Performance anxiety, to a degree, is a very useful set of emotions in fact; triggering a ‘fight or flight’ response that prepares the body for the danger it perceives, making us more alert and ready to respond.
The anxiety becomes a problem when your career rests on those performances or when it begins to seriously impact on your quality of life.
Amazingly, 84% of American actors confessed to suffering from performance anxiety1 and when you look at the pressures many performers are under it is no wonder.
Professional performers dedicate their lives to their passion, spending long days rehearsing and honing their skills. They may feel under extreme pressure to excel by the public, their sponsors or themselves.
Clinical Partners have a team of experienced clinicians who can successfully assess and treat Performance Anxiety. To speak to someone about how we can help please call 0203 326 9160.
A part of the brain called the amygdala is responsible for our fear function. It triggers a set of chemical reactions that results in adrenaline being released. It is this adrenaline that sets our heart rate soaring and gives us the dry mouth so common with performance anxiety and stage fright.
What is interesting is that performers can suffer with no symptoms and then seemingly, for no reason, begin to feel extremely nervous before a performance, which can have a serious impact on their ability to perform. Often performance anxiety is started by one, relatively small, bad experience which the brain then ‘learns’ to be fearful of. A pattern of negative associations is formed which is incredibly hard to conquer.
The common performance anxiety symptoms are:
Perhaps because it is so normal to feel anxious before a performance, people with performance anxiety often do not seek help. They may feel embarrassed and that they should be able to cope. If their career is based around performing they may not want to make others aware of their condition for fear of public scrutiny or appearing ‘weak’ in front of others.
For some people techniques such as pre-performance rituals, deep breathing and imagining their performance in a positive light can all be really helpful in overcoming nerves. For other people with severe performance anxiety, talking therapies and medication might be needed.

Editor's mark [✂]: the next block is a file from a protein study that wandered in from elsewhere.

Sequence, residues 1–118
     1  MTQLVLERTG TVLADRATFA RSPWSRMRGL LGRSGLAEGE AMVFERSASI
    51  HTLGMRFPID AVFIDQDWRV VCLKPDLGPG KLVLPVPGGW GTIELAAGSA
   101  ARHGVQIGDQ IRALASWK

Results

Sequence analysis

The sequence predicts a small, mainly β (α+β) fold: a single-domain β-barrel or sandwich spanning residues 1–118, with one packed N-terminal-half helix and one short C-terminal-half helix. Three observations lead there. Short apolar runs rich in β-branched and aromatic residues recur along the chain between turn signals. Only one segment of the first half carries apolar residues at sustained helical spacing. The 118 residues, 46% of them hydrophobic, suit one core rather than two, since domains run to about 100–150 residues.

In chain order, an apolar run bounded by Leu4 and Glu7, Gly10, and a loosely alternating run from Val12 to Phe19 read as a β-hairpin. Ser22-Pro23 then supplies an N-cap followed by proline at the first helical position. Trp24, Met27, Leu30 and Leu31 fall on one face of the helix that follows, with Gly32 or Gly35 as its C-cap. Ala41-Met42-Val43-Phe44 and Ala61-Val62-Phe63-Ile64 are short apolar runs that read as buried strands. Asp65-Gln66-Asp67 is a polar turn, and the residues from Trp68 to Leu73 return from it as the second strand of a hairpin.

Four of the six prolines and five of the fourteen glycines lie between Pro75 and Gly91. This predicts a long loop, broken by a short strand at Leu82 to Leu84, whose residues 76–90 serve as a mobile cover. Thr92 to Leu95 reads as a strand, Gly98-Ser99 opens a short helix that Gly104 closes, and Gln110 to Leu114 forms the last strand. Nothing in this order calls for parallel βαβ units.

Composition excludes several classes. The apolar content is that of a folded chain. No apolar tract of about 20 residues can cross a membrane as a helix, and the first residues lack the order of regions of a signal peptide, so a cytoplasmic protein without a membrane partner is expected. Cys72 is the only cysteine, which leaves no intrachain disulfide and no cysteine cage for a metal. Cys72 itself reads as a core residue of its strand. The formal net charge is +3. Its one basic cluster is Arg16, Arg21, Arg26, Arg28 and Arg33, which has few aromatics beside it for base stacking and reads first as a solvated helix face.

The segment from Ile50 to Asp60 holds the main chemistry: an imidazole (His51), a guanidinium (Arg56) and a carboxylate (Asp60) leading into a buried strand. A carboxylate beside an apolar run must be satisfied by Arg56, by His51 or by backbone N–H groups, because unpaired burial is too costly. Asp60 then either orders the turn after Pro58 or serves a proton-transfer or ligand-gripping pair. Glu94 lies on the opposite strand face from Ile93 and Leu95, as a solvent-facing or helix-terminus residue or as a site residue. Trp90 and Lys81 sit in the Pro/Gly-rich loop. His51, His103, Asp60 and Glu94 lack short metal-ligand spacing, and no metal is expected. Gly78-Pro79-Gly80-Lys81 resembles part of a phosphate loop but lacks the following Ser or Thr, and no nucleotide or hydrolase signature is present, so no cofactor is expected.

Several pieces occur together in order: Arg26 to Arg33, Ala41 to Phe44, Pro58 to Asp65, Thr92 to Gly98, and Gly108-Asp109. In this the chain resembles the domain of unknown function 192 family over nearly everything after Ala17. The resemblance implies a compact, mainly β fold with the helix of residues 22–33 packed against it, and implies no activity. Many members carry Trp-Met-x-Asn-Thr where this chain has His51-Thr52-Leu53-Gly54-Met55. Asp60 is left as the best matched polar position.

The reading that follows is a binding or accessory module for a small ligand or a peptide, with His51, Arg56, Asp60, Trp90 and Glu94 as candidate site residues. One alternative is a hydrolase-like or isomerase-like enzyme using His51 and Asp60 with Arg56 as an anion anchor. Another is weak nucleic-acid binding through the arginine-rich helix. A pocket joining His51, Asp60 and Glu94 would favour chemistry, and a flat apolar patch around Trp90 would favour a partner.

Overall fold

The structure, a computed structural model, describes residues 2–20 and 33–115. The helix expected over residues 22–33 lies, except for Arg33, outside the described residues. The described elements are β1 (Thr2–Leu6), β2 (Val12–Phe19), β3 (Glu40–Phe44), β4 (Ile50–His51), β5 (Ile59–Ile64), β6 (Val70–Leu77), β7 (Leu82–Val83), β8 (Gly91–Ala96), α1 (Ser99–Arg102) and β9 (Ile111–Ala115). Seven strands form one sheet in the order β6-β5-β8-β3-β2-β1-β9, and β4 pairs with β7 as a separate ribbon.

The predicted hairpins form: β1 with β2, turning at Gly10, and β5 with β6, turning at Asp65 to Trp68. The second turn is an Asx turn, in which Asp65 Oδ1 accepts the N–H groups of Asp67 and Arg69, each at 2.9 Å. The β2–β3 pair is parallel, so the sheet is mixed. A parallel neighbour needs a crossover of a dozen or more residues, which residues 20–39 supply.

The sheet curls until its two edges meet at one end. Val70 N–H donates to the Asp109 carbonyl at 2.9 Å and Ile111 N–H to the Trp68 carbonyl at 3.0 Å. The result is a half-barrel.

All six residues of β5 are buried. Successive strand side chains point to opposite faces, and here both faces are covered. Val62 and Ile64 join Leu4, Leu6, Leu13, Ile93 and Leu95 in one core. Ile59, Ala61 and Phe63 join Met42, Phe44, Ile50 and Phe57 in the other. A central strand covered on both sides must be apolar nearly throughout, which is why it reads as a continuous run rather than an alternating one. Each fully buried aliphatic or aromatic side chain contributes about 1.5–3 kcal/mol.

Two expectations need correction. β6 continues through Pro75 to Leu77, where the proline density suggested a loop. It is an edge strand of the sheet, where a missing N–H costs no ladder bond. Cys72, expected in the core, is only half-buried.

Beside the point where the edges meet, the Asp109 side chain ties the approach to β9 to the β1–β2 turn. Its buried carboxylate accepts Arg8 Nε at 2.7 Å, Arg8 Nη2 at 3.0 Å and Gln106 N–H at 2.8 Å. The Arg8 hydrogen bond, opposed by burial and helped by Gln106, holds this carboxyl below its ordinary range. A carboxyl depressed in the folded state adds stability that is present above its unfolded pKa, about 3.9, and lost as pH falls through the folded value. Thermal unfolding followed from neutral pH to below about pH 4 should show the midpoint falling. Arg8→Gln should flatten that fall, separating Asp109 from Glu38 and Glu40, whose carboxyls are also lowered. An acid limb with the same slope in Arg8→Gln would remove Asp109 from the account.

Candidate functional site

CBT (cognitive behavioural therapy), psychotherapy and counselling can all be really useful in understanding the root causes for the anxiety and fear. This can help give long term relief from the performance anxiety symptoms. Talking therapies can also help teach coping mechanisms as a way of handling the emotions when they arise. Click here to read more about talking therapies for anxiety.
Some people benefit from medications that help inhibit the impact of the adrenaline that is triggered, although others report that the medications affect the quality of their performance, turning them into ‘zombies’. For some professionals taking medications is considered cheating and therefore not an option they are willing to take. As medication only really controls the physical symptoms of performance anxiety, the sufferer is still left with the emotions of fear and dread.
It is really important to get a full and thorough assessment from a qualified clinician before taking any medications as there can be severe health implications for certain medications used. Click here to read more about medications used for anxiety.
Clinical Partners offers completely confidential performance anxiety therapy, help and advice.
We have a nationwide team of over 160 clinicians, many of whom have years of experience helping people overcome anxiety disorders. Appointments can often be made within a few days and you do not need a GP referral.
If you would like to talk, free of charge, about booking a private assessment for Performance Anxiety please call 0203 326 9160.
1 Solovitch, S Anatomy of stage fright Prospect Magazine June 2015